In 1974, while back at Michigan State University to take graduate courses for ongoing teacher certification, one of the classes I chose one semester was Social Psychology. It changed my perspective on many things forever.
The emphasis of this particular course was the Social Psychology of Social Movements. That’s a broad term—a social movement can be anything from Nazism to … Trekkie-ism.
And yet in some ways the underlying psychology of why and how people get swept up into being a dedicated, enthusiastic part of something bigger than themselves often is astonishingly similar, no matter the exact nature of that “something.”
And this is just as true when that “something” is a religious movement or group. What is it in the human psyche that allows a person to get caught up following and supporting a questionable religious teacher, and causes them to maintain an allegiance to the group formed around that person—even if their involvement ends up being harmful emotionally, mentally, spiritually, and sometimes even physically?
Since the mid-1970s, I have been fascinated by the history of religious movements from this perspective. Before the advent of the Internet, I read every book I could find in libraries or bookstores that discussed in particular teachers and groups throughout the centuries since Jesus walked the Earth that had proclaimed that “the End” was coming in their own time—and that becoming part of their group was the only sure protection from the Tribulation that was going to come on the Earth prior to that End. I also specialized in books about authoritarian groups that formed around one or a small group of leaders who proclaimed themselves to be God’s Main (or only) Spokesmen on Earth.
I gathered up a limited collection of such books. But when I first got on the Internet in 1996, my horizons expanded exponentially! The resources available for research on the Net were essentially unlimited. I added to my repertoire research on religious teachers who had concocted their own brand of “spiritual novelties” to attract followers—promises of health and wealth, dogmatic speculation on highly debatable Bible passages about prophecy, alleged “secrets of gaining God’s favor” supposedly lost since the first century, and much more.
Within a couple of years, my research became known in certain circles, and I began getting inquiries from online friends all over the world. People would be watching TV late at night, and wonder just who that guy was with the pompadour hairdo and the bombastic declarations that Your Miracle was just waiting to be claimed … if only you’d send his ministry a “seed of faith” donation. Or who was behind that program that insisted that The Great Tribulation would be starting next year, and you could know it for sure yourself if you’d just read their latest book with all the Prophetic Calculations laid out for you.
After a while, I found myself answering the same questions over and over. It dawned on me then that it would be convenient if I could just lay out much of the results of my research in easily searched ways on a website. Then when someone wanted information about a group or teacher or odd religious theory, I could just give them a link to the appropriate part of the website.
Thus was born the Field Guide to the Wild World of Religion. Since I put up the first version of the Field Guide on the Net, I’ve had over ¾ million visitors. I’ve corresponded with a number of researchers and journalists looking for information on various teachers and groups. The site has been mentioned in newspaper columns around the world as a source for info on prophetic theories. I’ve heard from people thanking me for helping them… or a loved one … escape from or avoid involvement in toxic religious groups. One time I had a pleasant email conversation with the former Senior Curator of Anthropology/Archaeology of the Israeli Antiquities Authority (in charge of the Dead Sea Scrolls and such). He wrote to thank me for my profile on the Field Guide exposing the phony tactics of someone he’d had to deal with himself.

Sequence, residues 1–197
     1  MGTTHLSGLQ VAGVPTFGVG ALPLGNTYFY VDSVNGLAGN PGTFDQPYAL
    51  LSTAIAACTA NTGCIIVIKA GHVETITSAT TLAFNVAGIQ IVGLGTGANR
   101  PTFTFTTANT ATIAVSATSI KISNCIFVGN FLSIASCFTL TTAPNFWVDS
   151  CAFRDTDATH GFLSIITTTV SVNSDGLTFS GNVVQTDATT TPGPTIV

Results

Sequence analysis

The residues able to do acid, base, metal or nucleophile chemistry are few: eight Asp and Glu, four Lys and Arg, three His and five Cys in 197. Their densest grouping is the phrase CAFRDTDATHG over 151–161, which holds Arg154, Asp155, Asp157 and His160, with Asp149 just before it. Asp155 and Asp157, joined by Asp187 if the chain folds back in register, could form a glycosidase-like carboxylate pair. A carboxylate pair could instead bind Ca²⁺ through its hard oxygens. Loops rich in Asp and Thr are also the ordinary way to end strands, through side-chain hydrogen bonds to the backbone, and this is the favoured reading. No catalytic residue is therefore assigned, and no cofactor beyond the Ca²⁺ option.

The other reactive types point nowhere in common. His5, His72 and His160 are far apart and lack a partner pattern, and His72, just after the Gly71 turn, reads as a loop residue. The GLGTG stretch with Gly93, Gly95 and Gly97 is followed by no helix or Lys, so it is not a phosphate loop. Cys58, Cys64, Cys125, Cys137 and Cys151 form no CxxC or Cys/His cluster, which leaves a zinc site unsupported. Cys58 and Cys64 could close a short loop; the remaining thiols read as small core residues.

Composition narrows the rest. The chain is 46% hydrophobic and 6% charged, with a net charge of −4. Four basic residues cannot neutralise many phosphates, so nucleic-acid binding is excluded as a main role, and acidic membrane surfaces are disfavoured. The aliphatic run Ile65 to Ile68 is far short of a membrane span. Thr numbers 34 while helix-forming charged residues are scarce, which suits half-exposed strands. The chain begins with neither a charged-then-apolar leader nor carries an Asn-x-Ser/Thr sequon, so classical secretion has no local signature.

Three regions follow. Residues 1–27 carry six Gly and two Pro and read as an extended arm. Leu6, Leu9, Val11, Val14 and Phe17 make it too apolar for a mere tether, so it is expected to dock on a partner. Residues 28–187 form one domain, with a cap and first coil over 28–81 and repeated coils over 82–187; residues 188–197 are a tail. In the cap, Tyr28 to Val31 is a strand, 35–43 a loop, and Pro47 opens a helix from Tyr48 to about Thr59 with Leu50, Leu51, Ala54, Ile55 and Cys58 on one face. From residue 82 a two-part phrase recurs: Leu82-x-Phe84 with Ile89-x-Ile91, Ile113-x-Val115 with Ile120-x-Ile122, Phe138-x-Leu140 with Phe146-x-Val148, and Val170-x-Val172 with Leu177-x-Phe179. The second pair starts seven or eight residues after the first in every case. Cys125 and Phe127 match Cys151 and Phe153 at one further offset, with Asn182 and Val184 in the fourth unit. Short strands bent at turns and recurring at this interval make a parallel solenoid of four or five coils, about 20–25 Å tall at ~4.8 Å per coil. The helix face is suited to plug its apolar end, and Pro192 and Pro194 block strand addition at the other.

I mention all this to announce the Grand Opening of the newly revised, revamped, remodeled, expanded, and updated version of the Field Guide. It has a whole new look, new navigation features, new sections, many new photographs, and more.
Harold Camping, who used to just warrant a few paragraphs on the site now has a whole page of his own, related to his spectacularly failed prediction of the Beginning of the End of the World that was supposed to happen on May 21, 2011.
There is a new page in the Religious Urban Legends section about the email recently making the rounds offering the astonishing discovery of proof of the biblical mention of “Giants in the Earth.”
The Who’s Who Digest of 125+ short overviews of movers and shakers in the world of religion has been updated with new information about some of the entries—some folks have died since the last update, others have been involved in new shenanigans—and with new entries of new gurus.
The Field Guide profile on the Worldwide Church of God has been expanded greatly with a new WCG Family Tree section. It has a series of four extensive pages, covering the Pre-History of the group going back to the 1800s, and moving forward through the splits, and splinters of splits, and splinters of splinters of splits… ad nauseum … of the group, going all the way forward to the latest splinter of a split (or is that a split of a splinter?… it’s all SO confusing!) in 2011.
The new drop-down menus should help navigate the site efficiently. But for those who prefer it, there is a Site Map that has the structure of the whole site laid out on one page, with clickable links to every section.
Plan to stop by soon and trek around the Wild World with me on the Field Guide to the Wild World of Religion website.